Putting the Squeeze on Profits: Medjacking

Jennifer A. Kurtz, MBA

It's the old story of supply and demand meets innovation curve. Pity the poor hacker competing with state agencies and data brokers like Experian (yes, the same folks whose "free credit monitoring services" are offered as palliative to those victimized by high-profile database hacks) openly cashing out personally identifiable information they've collected. As the selling price of personally identifiable information (PII) declines—bank loan applications go for as little as $.50 cents each (depending on purchase volume) in the unregulated data brokering marketplacei—professional purveyors of purloined PII have become more innovative in how they monetize their activities.

In addition to data brokers, consider the competition a hacker faces from states like Pennsylvania that depend on revenues from the sale of citizen PII contained on driver's licenses (name, address, birthdate, driving record: sold for $9 per individual) as a source for millions of dollars in revenueii. Selling hacked PII on the deep web is like a giant reverse auction in which the sheer volume of acquired identity information drives down price, meanwhile without legally enforceable contracts to guarantee payment on product (identities) provided. Little wonder that holding data hostage through encryption, rather than stealing it for resale, is one of the emerging top cyber threats in 2016. Whereas Symantec observed about 1,000 attacks per day in 2015, it observed 4,000 per day in January 2016iii. Clearly, the word (and tools and techniques) are getting out among the hacker community. And with pre-packaged ransomware (e.g., CryptoLocker/Cryptowall) kits available for as little as $3,000iv the profit/risk ratio is very attractive.

When choosing a victim, the logical hacker must calculate both willingness and capacity to pay. Individuals (and organizations) in certain countries are known for being more open to paying ransom. For example, 50% of Americans reporting in one study said that they had paid ransom, versus only 33% of Germans and 14% of Danes. Not surprisingly, "21.2% of all ransomware-infected emails sent globally target the US, with the UK and France coming second and third, with 9.1 percent and 3.85 percent."v Combine that individual willingness to pay with the mission of maintaining patient wellbeing and existence of sufficient funding, and attacks on hospitals become reasonable. The threat of disrupted medical care service delivery convinced Hollywood Presbyterian Hospital executives to pay hefty "data restoration" fees—$17,000—in February 2016 when staff could not access systems. MedStar Health in Maryland was hit in early April with a $19,000 ransom.

Hospitals that refuse to pay may face the reputation loss of having sensitive patient information posted online, as was the case with Labio (UK). After management refused to pay the 20,000-pound demand, hacker group Rex Mundi posted patient test resultsvi.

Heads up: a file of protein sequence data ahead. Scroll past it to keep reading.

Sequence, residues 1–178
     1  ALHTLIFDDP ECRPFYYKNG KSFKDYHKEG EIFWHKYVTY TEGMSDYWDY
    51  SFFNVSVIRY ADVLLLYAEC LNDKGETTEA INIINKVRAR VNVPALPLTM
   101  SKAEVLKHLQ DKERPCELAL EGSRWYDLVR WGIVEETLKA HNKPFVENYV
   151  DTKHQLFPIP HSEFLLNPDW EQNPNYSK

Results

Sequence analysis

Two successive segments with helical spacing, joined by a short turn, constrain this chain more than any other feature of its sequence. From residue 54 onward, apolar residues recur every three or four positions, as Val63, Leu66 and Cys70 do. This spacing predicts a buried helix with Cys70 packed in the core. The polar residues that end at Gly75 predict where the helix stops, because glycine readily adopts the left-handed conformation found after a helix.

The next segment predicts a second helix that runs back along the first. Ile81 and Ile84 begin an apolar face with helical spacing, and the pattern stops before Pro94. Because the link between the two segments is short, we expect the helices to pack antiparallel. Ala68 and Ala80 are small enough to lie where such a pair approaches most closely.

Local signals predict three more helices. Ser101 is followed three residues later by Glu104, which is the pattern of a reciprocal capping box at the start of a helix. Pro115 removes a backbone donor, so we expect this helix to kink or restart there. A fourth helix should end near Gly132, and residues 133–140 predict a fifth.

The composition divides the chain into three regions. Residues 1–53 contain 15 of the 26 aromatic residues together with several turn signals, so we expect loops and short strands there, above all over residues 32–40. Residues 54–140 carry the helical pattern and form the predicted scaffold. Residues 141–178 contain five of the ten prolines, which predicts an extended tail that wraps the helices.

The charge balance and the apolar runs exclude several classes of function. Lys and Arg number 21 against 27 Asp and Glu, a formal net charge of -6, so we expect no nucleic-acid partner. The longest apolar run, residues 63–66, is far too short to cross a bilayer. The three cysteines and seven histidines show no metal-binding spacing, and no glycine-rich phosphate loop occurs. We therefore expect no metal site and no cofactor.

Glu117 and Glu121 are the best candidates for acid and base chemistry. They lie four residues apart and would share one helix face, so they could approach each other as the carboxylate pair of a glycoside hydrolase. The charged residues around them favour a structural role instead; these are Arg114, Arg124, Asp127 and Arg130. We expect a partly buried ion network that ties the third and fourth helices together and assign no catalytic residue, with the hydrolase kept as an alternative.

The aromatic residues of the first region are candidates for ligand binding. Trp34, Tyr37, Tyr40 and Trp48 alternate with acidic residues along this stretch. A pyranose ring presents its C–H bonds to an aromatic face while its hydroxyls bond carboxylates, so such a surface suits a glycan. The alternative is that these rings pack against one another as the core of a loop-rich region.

The guys in the white hats (not white coats) are fighting back, however. Perpetrators of the Locky ransomware variation, reported as infecting up to 100,000 computers per day earlier this year, proved hackable. "Pranksters have infiltrated the control system behind the infamous Locky ransomware and replaced the malware’s main payload with a dummy file." The 12K replacement file delivers the message "Stupid Locky," rather than anything executablevii.

Meanwhile, those of us who are not knowledgeable about hacking techniques (regardless of hat color) can thwart would-be data kidnappers and hostage takers. Back up valuable data assets to an offline location. Disrupt that profit model. Don't be susceptible to hackers putting the squeeze on you or your organization.

Want to learn more? Request information for the online MS in information assurance at Regis, or call 877-820-0581.

iGregory Maus (24 August 2015), "How Corporate Data Brokers Sell Your Life, and Why You Should Be Concerned," The Stack. Retrieved from https://thestack.com/security/2015/08/24/how-corporate-data-brokers-sell-your-life-and-why-you-should-be-concerned/
iiJohn Shumway (3 May 2016), "Lawmaker Introduces Bill To Stop PennDOT From Selling Personal Information," CBS. Retrieved from http://pittsburgh.cbslocal.com/2016/05/03/lawmaker-introduces-bill-to-stop-penndot-from-selling-personal-information/
iiiGreg Otto (29 April 2016),"Ransomware Attacks Quadrupled in Q1 2016," FedScoop. Retrieved from http://fedscoop.com/ransomware-attacks-up-300-percent-in-first-quarter-of-2016
ivLiviu Arsene and Alexandra Gheorghe (2016), "Ransomware: A Victim's Perspective," Bitdefender. Retrieved from http://www.bitdefender.com/media/materials/white-papers/en/Bitdefender_Ransomware_A_Victim_Perspective.pdf?awc=2873_1462563986_efb08a3c5f2a6fad1a05f27e7396c44a
vArsene and Gheorghe.
viDISSENT (17 March 2015), "As Threatened, Rex Mundi Dumps Labio Patients’ Diagnostic Test Results," Data Breaches. Retrieved from http://www.databreaches.net/as-threatened-rex-mundi-dumps-labio-patients-diagnostic-test-results/
viiJohn Leyden (5 May 2016), "Suck On This: White Hats Replace Locky Malware Payload With Dummy," The Register. Retrieved from http://www.theregister.co.uk/2016/05/05/locky_ramsomware_network_hacked/